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Homer startup plans building-control system

By Journal Staff


HOMER — A startup company in Homer is nearing launch of a new type of control system for building power systems.

Cortland Research, LLC launched in 2011. The firm is a portfolio company of the Clean Tech Center at the Syracuse Technology Garden.

Cortland Research currently employs four, including its president, Steve McMahon. The firm just completed a proof-of-concept demonstration system, McMahon says, and will now spend the next nine months to a year refining the system and designing a production version.

Lining up customers will also be a priority.

The system uses a combination of sensors connected to devices like lights or outlets, a central control system, and a user interface to measure and control power usage in a building. The technology can be set to automatically kill power to lights or outlets at a specific time or based on whether anyone is present in a room, McMahon explains.

Users can access the interface from anywhere with an Internet connection. Cortland Research plans to help its clients set up the systems according to their needs, McMahon adds.

The idea is to reduce power usage and help buildings run more efficiently, he says. Even if an employee of a business shuts down a computer at the end of the day, the machine can still draw power.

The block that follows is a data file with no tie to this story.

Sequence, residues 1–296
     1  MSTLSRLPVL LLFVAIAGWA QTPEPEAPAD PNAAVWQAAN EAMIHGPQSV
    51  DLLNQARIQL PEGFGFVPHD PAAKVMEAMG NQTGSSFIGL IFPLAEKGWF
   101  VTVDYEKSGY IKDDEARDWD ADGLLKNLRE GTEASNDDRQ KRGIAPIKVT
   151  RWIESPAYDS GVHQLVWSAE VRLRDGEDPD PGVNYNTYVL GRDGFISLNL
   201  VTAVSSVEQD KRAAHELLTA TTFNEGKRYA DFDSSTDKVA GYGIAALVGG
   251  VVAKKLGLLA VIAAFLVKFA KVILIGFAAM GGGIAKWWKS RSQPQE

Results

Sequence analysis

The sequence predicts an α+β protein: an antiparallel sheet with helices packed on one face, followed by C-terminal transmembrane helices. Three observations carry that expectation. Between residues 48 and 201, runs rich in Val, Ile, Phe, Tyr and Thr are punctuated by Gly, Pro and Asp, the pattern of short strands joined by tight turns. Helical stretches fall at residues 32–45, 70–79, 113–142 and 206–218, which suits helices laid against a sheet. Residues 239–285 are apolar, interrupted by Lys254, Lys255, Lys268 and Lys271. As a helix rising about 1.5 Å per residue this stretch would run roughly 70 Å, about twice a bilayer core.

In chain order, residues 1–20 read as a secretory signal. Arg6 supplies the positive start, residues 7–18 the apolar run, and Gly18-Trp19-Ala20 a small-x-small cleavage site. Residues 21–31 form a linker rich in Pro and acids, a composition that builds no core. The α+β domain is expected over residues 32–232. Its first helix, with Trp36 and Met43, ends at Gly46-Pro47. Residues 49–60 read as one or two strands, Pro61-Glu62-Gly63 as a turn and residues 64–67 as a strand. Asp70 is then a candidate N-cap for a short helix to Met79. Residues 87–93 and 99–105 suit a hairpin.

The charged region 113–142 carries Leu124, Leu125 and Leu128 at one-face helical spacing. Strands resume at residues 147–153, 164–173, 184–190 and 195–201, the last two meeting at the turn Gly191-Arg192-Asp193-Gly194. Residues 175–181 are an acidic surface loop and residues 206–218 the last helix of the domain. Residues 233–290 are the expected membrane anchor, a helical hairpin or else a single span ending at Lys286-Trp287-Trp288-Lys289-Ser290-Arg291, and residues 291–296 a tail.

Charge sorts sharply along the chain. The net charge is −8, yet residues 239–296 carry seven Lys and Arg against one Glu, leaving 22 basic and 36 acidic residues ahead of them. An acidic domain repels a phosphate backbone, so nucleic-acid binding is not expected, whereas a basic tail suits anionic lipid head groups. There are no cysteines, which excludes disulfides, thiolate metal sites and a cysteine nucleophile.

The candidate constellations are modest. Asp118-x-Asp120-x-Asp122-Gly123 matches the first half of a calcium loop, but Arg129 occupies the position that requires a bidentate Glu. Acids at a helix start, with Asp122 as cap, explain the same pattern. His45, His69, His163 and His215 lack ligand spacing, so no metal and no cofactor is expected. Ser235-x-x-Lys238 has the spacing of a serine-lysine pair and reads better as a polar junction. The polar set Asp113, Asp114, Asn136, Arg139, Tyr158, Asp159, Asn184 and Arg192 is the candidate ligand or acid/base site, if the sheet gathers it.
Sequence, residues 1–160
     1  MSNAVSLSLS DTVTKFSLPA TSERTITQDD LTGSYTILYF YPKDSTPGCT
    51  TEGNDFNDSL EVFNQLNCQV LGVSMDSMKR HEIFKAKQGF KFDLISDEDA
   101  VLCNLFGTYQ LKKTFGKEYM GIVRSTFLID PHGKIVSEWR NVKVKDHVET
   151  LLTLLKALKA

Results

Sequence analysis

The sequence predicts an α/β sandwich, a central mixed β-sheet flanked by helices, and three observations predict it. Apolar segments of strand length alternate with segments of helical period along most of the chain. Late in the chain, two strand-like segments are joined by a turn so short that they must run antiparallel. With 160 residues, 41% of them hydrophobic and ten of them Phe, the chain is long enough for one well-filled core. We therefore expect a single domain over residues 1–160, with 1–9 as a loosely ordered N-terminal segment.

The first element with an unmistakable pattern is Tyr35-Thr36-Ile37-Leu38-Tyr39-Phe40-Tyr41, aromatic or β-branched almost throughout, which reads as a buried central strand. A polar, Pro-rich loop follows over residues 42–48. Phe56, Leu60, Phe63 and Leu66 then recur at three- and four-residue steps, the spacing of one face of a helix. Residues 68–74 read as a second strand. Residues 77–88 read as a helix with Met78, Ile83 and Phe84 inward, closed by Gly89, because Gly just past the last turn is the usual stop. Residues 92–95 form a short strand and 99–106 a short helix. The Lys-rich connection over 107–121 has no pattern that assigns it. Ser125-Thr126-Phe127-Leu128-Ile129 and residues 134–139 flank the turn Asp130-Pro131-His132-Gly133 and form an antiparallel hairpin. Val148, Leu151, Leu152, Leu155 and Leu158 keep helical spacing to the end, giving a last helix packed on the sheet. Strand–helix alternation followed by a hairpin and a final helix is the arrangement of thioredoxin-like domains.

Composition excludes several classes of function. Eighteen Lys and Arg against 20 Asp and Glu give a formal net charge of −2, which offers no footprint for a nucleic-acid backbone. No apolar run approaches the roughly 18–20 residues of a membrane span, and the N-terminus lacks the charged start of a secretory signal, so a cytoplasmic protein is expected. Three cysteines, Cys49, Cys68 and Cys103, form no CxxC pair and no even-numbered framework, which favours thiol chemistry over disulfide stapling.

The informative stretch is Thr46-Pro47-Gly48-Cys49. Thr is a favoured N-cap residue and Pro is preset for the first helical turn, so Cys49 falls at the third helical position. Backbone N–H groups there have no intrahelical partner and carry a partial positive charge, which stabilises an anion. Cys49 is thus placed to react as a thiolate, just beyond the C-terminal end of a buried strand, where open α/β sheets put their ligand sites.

And plenty of schools, hospitals, and hotels leave lights on for hours or days when no one is around. It’s that type of “parasitic” power usage Cortland Research is attempting to cut, McMahon says.

The firm’s system can be tailored to user requirements precisely, he adds. If features smart outlets and switches that have micro sensors and RF antennas embedded inside, according to the company.

That allows for real-time analysis and allows users to manage outlets individually if they choose. In addition to time of day and the presence of people, the system can be adjusted based on rates of energy usage and other parameters as well.

The company is focusing initially on commercial buildings since they tend to pay more for power per kilowatt hour, McMahon says. But the system could be used in a residential setting as well, according to the company.

McMahon previously worked as an electrician before earning a master’s degree and working for Sensis Corp. of DeWitt. Several of Cortland Research’s employees are former Sensis employees as well.

The company is financed currently by an individual angel investor, McMahon says.

Cortland Research was a semi-finalist in this year’s Creative Core Emerging Business Competition. The firm did not make the event’s final round.

The contest seeks to honor the most innovative, growth-oriented company in the region and awards a $200,000 grand prize. This year’s winner is MicroGen of Ithaca.

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